“All human beings are born free and equal in dignity and rights” (UDHR. 1948. P.2) Humanrights in its contemporary perception is a fairly recent concept. In fact the Universal Declaration of HumanRights which is often cited as the corner stone of humanrights only came into force following World War II and the most “systematic and blatant” violation of humanrights in record history that was the Holocaust...
...Humanrights in today’s world have become pivotal to the functioning of our society as a whole, largely due to the increased occurrences which in turn have led to greater awareness and repudiation of the same in the world community. In present times the humanrights field encompasses a broad range of civil, political, economic and social rights which shows its all pervasive nature, and the accountability for the violation of these rights by state and non-state actors alike. The scope of humanrights in today’s day and age has thus widened considerably as gradually the individual becomes an end in himself and is recognized as being of primordial concern.
Humanrights law is a subset in the field of humanrights. Humanrights are what define a society; hence the humanrights law takes primacy over all the laws. There is nothing more important than the development of humanrights in an evolving society
Humanrights and criminal law are closely inter - related. My personal interest lies towards humanrights as under the criminal law. Today we see all kinds of crimes being committed- state or non-state, say torture of prisoners, child labour, or most importantly...
...Are all humanrights universally applicable?
If this question were posed to the ancient Greek philosopher and pioneer Plato, his response would be something like: “Of course, truth and virtue are universal. They are above of any state law. Not for slaves though.” Since then, slavery has been almost eliminated and several declarations for humanrights have been signed in the name of a “better world.” The word ‘applicable’ indicates that this question is highly normative, as none would argue that the president of the United States has, at the moment, the same rights with a woman in Kabul. Some would however argue that ideally that should be the case and this essay will try to illustrate that the history of mankind can be seen simply as the pursuit of this ideal and thus humanrights are normatively universal. By taking into consideration the contentions of several philosophers and political theorists on how ‘humanrights’ can be defined and adopted by societies, the distinction between natural and positive rights and the way people have been trying to set the fundamental rights of their existence from the beginning of history, it can be depicted that, although this notion has taken many definitions and forms, a ‘natural’ trend is followed in the chase for what Plato would suggest as ‘universal truth and virtue.’...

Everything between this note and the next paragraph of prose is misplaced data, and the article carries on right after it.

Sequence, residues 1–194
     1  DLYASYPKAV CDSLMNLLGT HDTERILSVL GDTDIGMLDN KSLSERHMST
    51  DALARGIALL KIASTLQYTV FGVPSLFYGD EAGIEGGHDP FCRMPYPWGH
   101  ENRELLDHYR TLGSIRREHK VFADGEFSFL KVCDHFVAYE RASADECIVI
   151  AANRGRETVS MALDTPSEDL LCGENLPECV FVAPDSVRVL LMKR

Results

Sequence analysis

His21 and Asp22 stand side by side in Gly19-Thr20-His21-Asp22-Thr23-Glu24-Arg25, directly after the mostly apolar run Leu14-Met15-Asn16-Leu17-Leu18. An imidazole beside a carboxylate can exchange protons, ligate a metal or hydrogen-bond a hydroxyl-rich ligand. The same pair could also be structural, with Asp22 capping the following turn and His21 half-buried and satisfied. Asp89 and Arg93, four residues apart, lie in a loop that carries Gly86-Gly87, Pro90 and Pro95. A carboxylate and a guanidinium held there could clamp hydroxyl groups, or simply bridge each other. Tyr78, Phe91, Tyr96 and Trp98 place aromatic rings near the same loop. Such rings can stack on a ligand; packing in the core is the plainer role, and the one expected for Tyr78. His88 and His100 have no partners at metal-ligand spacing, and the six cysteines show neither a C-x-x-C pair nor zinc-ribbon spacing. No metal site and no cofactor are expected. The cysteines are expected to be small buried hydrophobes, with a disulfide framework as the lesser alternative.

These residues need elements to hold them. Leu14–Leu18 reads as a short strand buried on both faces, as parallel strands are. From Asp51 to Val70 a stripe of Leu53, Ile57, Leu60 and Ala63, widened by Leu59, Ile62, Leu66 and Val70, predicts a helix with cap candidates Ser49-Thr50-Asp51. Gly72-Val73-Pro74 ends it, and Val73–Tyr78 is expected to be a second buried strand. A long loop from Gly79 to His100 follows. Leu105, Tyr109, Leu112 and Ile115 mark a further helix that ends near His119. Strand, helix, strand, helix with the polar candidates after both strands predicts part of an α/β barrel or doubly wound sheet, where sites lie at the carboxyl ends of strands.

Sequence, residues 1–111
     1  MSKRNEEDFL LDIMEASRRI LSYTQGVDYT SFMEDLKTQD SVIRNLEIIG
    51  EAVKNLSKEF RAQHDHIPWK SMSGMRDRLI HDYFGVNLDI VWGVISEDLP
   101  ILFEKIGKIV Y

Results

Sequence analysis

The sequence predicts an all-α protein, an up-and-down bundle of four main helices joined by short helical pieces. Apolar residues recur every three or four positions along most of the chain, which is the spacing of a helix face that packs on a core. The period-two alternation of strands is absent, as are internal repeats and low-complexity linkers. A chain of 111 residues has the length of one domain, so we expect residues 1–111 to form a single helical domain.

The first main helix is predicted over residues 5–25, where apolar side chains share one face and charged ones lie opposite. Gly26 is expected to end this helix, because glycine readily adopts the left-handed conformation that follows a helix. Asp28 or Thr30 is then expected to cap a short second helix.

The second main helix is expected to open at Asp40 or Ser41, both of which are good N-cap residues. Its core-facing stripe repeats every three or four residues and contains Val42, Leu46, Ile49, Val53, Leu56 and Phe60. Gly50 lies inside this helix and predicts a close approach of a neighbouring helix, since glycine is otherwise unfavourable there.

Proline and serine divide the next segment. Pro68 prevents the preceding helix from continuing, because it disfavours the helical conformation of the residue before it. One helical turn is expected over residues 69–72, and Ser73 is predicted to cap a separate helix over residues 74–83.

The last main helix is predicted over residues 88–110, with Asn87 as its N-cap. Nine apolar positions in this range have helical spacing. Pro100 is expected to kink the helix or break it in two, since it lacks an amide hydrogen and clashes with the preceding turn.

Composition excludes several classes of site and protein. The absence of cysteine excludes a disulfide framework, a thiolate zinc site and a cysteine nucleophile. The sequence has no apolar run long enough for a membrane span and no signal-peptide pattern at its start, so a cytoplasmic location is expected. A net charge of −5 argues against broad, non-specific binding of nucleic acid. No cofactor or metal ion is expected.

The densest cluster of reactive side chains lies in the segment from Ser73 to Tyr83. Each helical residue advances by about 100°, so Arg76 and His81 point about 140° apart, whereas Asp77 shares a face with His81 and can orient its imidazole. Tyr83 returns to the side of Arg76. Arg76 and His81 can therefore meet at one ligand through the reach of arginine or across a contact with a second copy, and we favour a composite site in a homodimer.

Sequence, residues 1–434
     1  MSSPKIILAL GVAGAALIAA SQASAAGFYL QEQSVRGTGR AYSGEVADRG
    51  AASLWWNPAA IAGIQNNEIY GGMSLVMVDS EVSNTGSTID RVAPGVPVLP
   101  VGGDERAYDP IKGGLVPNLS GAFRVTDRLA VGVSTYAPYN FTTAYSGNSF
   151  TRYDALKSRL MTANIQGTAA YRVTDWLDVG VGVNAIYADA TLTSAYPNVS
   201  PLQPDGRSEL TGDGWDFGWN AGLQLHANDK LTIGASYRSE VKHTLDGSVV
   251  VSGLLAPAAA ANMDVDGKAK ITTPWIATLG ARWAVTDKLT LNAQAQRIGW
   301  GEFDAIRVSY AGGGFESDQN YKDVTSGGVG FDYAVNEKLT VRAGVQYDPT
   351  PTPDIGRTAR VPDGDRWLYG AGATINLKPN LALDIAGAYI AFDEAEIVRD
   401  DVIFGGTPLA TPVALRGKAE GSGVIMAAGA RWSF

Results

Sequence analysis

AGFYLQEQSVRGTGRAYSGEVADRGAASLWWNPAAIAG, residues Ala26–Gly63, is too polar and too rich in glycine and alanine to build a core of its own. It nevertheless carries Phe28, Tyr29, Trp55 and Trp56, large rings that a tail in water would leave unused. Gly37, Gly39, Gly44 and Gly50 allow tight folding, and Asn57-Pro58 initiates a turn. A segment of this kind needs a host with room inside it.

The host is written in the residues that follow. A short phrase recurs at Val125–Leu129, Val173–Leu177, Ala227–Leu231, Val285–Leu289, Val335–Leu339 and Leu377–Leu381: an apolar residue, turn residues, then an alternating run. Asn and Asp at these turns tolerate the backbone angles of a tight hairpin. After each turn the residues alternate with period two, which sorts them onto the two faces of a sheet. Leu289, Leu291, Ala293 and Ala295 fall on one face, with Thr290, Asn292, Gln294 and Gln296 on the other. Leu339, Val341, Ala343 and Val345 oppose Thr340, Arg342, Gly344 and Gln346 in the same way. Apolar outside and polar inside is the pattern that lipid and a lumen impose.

...protest, but we do not make enough use of them. ------If all parties are forced by citizens to focus --------on issues relevant to the people, then opposition parties will focus on public interest -----------rather than narrow political gains.
Another merit of our system is that we have never had even a touch of a military coup. It's because faith exists in the hearts of people. It's true ------that many dishonest characters find their way into parliament. But just imagine, if we had the presidential system and one such element succeeded in making it to the helm of affairs, sir, sorry to say, but he would be nearly impossible to dislodge. Yes we have huge problems. ---------Corruption, nepotism, power-broking, But these are more owing to human failure to deal with power responsibly than the failure of the parliamentary system.
Will a presidential system work any better? Sure not. My friends harped very high about presidential system but given the nature of our politicians, presidential form of democracy will be disastrous. Yes audience ----disastrous. Just look at Egypt, Afghanistan, Syria, Iraq, Russia and many many countries. Parliamentary system means stability. Presidential system will fail in India.